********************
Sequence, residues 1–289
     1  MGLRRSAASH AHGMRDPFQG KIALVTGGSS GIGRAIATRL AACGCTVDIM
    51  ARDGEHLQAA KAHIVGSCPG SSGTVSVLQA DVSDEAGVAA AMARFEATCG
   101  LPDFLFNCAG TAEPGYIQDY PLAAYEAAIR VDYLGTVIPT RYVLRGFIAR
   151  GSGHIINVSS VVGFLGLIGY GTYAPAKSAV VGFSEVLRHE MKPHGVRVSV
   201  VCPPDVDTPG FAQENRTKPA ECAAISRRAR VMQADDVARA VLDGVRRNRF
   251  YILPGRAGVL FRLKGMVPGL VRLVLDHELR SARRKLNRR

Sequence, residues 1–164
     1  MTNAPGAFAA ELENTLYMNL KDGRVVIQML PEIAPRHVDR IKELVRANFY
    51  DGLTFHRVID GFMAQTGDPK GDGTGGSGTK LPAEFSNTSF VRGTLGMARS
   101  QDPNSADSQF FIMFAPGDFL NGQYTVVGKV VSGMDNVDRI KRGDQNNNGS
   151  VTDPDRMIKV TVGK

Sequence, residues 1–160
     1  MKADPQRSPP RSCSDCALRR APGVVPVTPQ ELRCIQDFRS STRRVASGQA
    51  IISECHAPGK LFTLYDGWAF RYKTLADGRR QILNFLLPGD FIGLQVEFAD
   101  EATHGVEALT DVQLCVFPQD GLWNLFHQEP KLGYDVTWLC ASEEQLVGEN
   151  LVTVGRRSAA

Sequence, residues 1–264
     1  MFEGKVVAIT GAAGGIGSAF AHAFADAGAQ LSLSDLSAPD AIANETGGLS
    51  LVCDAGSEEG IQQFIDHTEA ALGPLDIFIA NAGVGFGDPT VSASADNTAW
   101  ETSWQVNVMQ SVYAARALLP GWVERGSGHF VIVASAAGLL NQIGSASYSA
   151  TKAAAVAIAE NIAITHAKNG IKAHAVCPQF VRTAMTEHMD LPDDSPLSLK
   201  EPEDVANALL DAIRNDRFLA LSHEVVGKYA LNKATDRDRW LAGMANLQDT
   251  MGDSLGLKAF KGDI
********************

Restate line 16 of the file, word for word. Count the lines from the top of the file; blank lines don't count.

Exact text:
   101  EATHGVEALT DVQLCVFPQD GLWNLFHQEP KLGYDVTWLC ASEEQLVGEN